Mercenary Rewards

One of the concepts that C.S. Lewis used regularly as a literary device was that of Mercenary Rewards.

The mercenary, for Lewis, was the perfect symbol of someone who doesn’t act for true love or desire for the thing itself, but for the reward he receives – much like mercenaries don’t care about the cause of a war, only the spoils.
One of the problems with how we tend to approach God is that we often embody the mercenary. Instead of realizing that God himself is our salvation, we ask for stuff we believe will save us. Instead of realizing that He is what we desire, we seek spoils.
“A joy there is that is not granted to the godless,” prays St. Augustine in his Confessions, “but to those only who worship you without looking for reward, because you yourself are their joy.” He adds, “This is the happy life, and this alone: to rejoice in you, about you and because of you. This is the life of happiness, and it is not to be found anywhere else.”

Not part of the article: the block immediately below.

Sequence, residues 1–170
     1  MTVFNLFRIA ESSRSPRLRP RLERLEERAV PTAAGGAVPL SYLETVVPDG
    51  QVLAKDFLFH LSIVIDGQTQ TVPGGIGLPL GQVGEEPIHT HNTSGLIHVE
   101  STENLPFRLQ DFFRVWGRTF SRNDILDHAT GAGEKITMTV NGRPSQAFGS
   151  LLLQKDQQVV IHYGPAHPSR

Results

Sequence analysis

When we seek mercenary rewards from God, it betrays our nationality, our hypocrisy and our theology.
When we love God truly, we will, as scripture exhorts, delight ourselves in the Lord and rejoice in the Lord – not as mercenaries, but with undivided hearts.
Which do you desire more, God or what God can give?



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